Moms: Let’s Celebrate Marissa Mayer Instead of Picking Her Apart

I’m in awe of Marissa Mayer. In case you haven’t heard, she’s the new CEO of Yahoo, one of the most powerful technology companies in the world. There are few high-powered women in technology, aside from Facebook’s Sheryl Sandberg, and Mayer has scored the coveted role at only 37 years old. Her achievement is epic, and so is the responsibility that comes with the job: She’s not only going to run Yahoo, she’s tasked with saving it.

Turns out the new CEO and former Google executive also happens to be pregnant with her first child–and shortly after Yahoo announced her appointment, she revealed that she’s essentially going to skip maternity leave. “My maternity leave will be a few weeks long and I’ll work throughout it.”

Queue the judgey moms. According to a Today Show poll, 89 percent of respondents think that she’s making a mistake.

But how can we possibly say that before she even has a chance to do her thing?  Now is the time to rally around her and celebrate her bravery. She’s taking on a monumental challenge, and indeed the opportunity of a lifetime, at a time that even she would admit isn’t ideal for her personally. Swollen ankles aren’t exactly a confidence builder.

True, she’s never gone through the hell miracle of childbirth. Or recovered from it. She’s never had to breastfeed. She’s never stayed up all night with a screaming baby. But, c’mon people, she’s not stupid. Obviously she will surround herself with lots of help. In fact, I’m betting she’ll do pretty much whatever she needs to do to set herself up for success–both as a mother and as a CEO.

It will be incredibly hard, and while I can’t imagine making the same choice myself, I’m not her. Nobody has ever approached me to run a tech giant, nor would I be equipped to do the job at this point in my life. So how can I possibly judge her for her decisions? How can you?

Instead of judging Marissa Mayer, and using her achievement as an excuse to rekindle the debate about whether women can have it all, why don’t we sit back and watch her work? I’m betting she’ll show us some magic–and probably teach us all a thing or two.

Photo: Google Plus

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  1. by Jill Cordes

    On July 19, 2012 at 12:40 pm

    I wrote a judgey post! But I will say you make some really valid points. I’m very intrigued by all this and will be curious to see how she fares. I hope she’s a success both in new motherhood and her job.

  2. by Kayla

    On July 19, 2012 at 9:32 pm

    I am sorry, but I am still going to disagree with you and her decision. Like you mentioned, she is one of a select few women to reach such a high position in the tech field. Which is exactly why this was an opportunity to set an example. Instead her example is that in order to succeed, women have to sacrifice their own health and wellbeing, just to get back to work. I am in an entry level position, and in considering having children I worry about the effects of maternity leave, and how I can “stay in the game”. Given this announcement, I feel even worse. Truly, if she is able to do it successfully, I will be happy for her. I just strongly believe, she could have made a strong statement in support of women everywhere, that this was beyond just a decision for her and her family. The really unfortunate part, is that no matter what her decision, it would have been met with criticism.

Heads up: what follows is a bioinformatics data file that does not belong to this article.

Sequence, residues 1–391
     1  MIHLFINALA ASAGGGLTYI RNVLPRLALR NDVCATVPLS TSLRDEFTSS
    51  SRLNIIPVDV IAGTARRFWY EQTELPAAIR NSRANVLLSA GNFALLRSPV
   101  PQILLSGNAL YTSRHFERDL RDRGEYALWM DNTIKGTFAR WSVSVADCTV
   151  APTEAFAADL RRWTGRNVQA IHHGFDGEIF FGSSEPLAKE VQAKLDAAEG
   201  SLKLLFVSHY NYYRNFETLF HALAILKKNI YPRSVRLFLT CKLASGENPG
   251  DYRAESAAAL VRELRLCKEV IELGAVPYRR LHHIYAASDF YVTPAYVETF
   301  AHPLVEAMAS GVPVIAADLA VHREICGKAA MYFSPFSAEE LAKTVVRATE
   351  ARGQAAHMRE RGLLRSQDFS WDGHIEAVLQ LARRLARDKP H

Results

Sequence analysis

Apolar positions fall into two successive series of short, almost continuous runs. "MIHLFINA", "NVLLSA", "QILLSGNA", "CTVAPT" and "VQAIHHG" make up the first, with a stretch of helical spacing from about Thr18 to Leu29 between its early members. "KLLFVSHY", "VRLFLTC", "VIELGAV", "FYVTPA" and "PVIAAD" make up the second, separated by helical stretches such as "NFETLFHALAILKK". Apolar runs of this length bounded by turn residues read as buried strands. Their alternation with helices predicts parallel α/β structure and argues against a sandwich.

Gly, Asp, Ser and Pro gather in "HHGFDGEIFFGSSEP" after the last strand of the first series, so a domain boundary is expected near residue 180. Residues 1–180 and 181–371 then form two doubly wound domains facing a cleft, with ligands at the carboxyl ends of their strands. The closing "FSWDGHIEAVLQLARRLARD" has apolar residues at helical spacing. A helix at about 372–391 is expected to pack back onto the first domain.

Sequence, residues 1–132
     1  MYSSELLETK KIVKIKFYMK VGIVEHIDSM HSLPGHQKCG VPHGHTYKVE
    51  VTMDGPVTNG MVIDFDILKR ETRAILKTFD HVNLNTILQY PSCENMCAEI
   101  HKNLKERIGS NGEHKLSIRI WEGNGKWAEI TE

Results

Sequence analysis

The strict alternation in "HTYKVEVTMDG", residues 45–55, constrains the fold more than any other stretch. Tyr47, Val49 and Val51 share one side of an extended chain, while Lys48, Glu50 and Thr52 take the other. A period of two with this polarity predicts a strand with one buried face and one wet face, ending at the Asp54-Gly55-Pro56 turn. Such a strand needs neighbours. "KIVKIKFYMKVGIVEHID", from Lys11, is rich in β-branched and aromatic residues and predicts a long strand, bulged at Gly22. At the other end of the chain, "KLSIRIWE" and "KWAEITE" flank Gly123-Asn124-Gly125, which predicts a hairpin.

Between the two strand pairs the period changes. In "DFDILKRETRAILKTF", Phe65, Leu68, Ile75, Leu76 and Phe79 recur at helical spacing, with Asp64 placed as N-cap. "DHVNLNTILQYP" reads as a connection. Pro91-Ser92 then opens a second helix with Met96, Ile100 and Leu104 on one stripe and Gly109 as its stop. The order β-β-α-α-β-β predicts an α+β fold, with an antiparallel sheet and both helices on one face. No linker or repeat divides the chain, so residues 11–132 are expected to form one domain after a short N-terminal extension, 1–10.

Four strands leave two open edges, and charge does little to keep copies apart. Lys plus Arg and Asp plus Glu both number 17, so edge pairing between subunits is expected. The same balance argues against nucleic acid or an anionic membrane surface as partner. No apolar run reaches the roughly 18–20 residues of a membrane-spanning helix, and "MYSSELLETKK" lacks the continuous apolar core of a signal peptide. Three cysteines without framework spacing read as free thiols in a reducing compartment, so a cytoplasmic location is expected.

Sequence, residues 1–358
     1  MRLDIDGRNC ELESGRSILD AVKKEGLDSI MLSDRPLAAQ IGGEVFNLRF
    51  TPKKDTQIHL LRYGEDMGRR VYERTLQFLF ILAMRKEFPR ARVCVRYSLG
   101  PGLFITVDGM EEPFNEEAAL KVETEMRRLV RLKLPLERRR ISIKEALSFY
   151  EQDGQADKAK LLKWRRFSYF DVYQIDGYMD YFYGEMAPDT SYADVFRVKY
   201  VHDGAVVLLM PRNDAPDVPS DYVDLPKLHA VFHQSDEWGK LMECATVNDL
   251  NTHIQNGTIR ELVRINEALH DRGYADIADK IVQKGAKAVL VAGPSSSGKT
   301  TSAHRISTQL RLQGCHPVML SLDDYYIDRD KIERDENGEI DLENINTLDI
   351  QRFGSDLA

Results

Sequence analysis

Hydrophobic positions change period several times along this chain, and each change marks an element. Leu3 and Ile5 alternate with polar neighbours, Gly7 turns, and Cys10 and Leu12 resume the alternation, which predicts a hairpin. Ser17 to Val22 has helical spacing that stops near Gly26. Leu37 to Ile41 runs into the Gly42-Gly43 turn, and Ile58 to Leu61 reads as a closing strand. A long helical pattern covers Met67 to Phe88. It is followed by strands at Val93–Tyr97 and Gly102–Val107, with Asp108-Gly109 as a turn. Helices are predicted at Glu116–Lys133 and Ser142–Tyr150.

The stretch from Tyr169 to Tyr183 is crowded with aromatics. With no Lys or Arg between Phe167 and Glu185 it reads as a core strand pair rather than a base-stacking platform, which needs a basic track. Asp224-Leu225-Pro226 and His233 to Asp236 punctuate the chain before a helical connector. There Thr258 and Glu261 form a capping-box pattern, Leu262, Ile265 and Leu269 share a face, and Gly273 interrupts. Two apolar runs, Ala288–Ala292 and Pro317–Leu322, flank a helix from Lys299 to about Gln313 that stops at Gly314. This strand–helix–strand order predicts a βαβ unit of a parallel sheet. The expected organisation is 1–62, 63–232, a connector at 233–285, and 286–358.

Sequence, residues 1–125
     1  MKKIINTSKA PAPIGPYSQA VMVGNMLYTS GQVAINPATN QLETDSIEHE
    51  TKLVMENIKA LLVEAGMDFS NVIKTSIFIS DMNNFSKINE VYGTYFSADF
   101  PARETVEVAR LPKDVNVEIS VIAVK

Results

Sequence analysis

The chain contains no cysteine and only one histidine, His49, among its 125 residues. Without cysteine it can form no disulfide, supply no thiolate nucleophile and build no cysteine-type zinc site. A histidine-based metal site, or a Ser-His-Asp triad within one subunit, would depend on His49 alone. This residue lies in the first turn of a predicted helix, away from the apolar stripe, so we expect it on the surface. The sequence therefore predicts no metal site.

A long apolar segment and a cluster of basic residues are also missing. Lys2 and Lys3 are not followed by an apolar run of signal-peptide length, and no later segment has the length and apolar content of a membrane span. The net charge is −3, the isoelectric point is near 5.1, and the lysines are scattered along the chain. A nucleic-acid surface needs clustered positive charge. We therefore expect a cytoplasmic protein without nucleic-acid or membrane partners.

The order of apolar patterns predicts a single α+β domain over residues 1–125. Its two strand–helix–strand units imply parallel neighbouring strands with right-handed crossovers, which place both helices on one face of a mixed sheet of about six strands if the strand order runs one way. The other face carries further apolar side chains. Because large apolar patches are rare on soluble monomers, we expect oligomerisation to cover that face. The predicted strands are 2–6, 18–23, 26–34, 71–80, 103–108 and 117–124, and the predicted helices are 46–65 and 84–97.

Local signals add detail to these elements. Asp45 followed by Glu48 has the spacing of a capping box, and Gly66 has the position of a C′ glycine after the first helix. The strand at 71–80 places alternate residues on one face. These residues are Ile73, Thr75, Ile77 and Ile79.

3. by Allison

    On July 20, 2012 at 1:30 am

    Thank you.

    She is an inspiration and while I don’t think I’d be able to do it I am not her , I don’t have her skills, her experience or her resources. I think her success really intimidates others and the same way we pick apart people when we feel small people are choosing to look at her pregnancy as her weak point and pick her apart starting there.

    I wish women would see how picking her apart about this brings us all one step back. Child bearing and raising is used against women in the work place all the time.

    If people are so concerned about women needing time to bond with their babies they need to lobby for better maternity leave laws. That way every mom without Marissa’s resources for help can have the time she needs , or at least more than the pathetic amount that most do now.

    She will be fine – her baby will be fine and we should celebrate her achievement in business for sure. Just leave her baby out of it.

  4. by Jeremy

    On July 20, 2012 at 5:20 pm

    Sorry, but being Larry Page’s ex-girlfriend and being in the right place at the right time doesn’t necessarily make her an epic achiever, just lucky. I do think she’ll make the no-maternity-thing work though–she’ll hire people to do the work for her and she’ll manage them all.

  5. by Lori

    On July 23, 2012 at 12:32 pm

    It’s her baby, her job, her body, her life. However she chooses to manage her maternity leave is between her, her partner, her boss, her conscience, etc. Her decision is her decision, it’s NOT for every other mom who would have perhaps chosen differently to weigh in on. Why do we attack women for every single life decision they make? Why can’t we have the confidence to make OUR decisions without needing everyone else to make the same ones so that we can feel good about what we’ve selected?